Follow Slashdot stories on Twitter

 



Forgot your password?
typodupeerror

Slashdot videos: Now with more Slashdot!

  • View

  • Discuss

  • Share

We've improved Slashdot's video section; now you can view our video interviews, product close-ups and site visits with all the usual Slashdot options to comment, share, etc. No more walled garden! It's a work in progress -- we hope you'll check it out (Learn more about the recent updates).

×

Comment: Re:Either fast breeder or thorium (Score 1) 417

Every time this comes up, either a fast-breeder or a thorium crackpot comes out of their holes.

What if we just stop wasting resources?

Take transport: why does it take > 30 kW to move around one ~80kg bag of flesh&bones? Because it's too cheap. Why don't we insulate homes more? Because the alternative is too cheap. Ad nauseam.

Sometimes the appropriate technology is advanced, sometimes moving a pile of dirt into the right place does the job. Here's an example: http://www.earthbagbuilding.co...

Yes, you can retrofit many existing homes to this standard. You can even use sandbag-laying equipment for this purpose. What's in the way are regulations built to suit developers and homeowner's associations built around building and flipping energy-guzzling disposable McMansions - for starters.

The latest methods for building these homes resemble 3D printing and they only need a fraction of the solar panels a regular home does to be completely off-grid. Add rainwater harvesting and composting, and you just cut out the need for energy-guzzling waterworks. Add gardens and greenhouses, and replacing the first 50% of your food consumption from carbon-intensive sources is easy. Moreover, very little portland cement - itself alone responsible for 11% of humanity's CO2 emissions - is needed for this.

The gadget-oriented can still go to town automating the opening and closing of shutters and convective cooling to complete this completely self-sufficient home that could supply most of its occupant's food. Building one of these is a survivalist coup. Building a lot of these is a strategy to turn this crisis around without even touching a nuclear reactor.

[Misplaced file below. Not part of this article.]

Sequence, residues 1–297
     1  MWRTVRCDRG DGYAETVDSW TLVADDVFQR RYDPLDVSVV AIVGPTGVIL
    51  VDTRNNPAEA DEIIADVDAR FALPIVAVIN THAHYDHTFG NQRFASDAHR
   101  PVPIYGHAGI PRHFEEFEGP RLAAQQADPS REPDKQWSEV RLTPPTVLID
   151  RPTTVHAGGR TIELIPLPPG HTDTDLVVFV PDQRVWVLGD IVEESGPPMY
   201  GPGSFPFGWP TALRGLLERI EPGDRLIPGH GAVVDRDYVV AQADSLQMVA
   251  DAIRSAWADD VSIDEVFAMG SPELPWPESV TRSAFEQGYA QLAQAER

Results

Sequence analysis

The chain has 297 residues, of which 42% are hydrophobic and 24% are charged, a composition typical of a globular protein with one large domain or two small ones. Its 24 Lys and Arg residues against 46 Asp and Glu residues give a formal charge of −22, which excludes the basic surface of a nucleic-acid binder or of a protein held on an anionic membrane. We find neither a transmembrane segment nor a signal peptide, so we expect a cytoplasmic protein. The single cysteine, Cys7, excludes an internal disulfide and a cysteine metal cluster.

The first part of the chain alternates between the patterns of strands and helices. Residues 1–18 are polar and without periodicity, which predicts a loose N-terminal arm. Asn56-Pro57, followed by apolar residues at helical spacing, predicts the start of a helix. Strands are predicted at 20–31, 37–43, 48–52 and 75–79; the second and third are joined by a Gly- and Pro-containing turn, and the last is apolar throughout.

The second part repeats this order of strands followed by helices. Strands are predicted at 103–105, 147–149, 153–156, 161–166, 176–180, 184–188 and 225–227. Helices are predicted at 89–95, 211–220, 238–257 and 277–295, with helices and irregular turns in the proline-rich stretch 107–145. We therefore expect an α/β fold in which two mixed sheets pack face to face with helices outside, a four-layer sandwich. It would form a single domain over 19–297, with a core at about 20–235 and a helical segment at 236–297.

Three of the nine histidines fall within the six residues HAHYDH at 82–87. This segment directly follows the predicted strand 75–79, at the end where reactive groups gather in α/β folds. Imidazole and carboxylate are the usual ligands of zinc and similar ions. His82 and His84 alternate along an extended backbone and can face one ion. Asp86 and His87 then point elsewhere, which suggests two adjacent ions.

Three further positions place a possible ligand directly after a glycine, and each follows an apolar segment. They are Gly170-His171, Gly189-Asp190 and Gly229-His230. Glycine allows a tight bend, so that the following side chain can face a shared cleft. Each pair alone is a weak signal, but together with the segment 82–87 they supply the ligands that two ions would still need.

I just want to highlight that we can easily bring our consumption down to a level that we can easily scale renewables up to 100% for.

Comment: Re:Strictly speaking... (Score 1) 417

Do you realize that carbon dioxide uptake from the atmosphere is what's driving ocean acidification? Compare the map of the world's forests to one hundred, one thousand, and ten thousand years ago. Add the fact that industrialization over the past two centuries got hundreds of millions of years' worth of sequestered carbon and released it into the atmosphere. What's this to the natural world? A top-level mass extinction.

The ecosystem's screwed. Whether it's beyond recovery is the question. Seeing as how humans come from an ecosystem, not a factory, we've got to be doing more about this than we are.

Comment: Re:Ancient Chinese wisdom (Score 1) 116

Any civilisation that in 5000 years never managed to invent the fork and carried on using 2 sticks to eat with isn't that great.

Really? You're sure that they just couldn't figure a fork out?

Here's the story of chopsticks. Having potential weapons at the dinner table became a real problem in times of tension, and it became a violent, rude spectacle to stab or slice your food at dinner with others - think state functions or otherwise. It implies what you might be thinking to do to others present. Hence, leave the knives in the kitchen with the cooks. Hence, you don't use those stabby forks. Spoons and chopsticks become the social acceptable ways to eat.

Not that everyone learns from the past however old their civilization is, but China's cultural roots are extremely sensible. Save your slurs for the stupid officials who are acting authoritarian in childish ways. They're not good examples of any culture.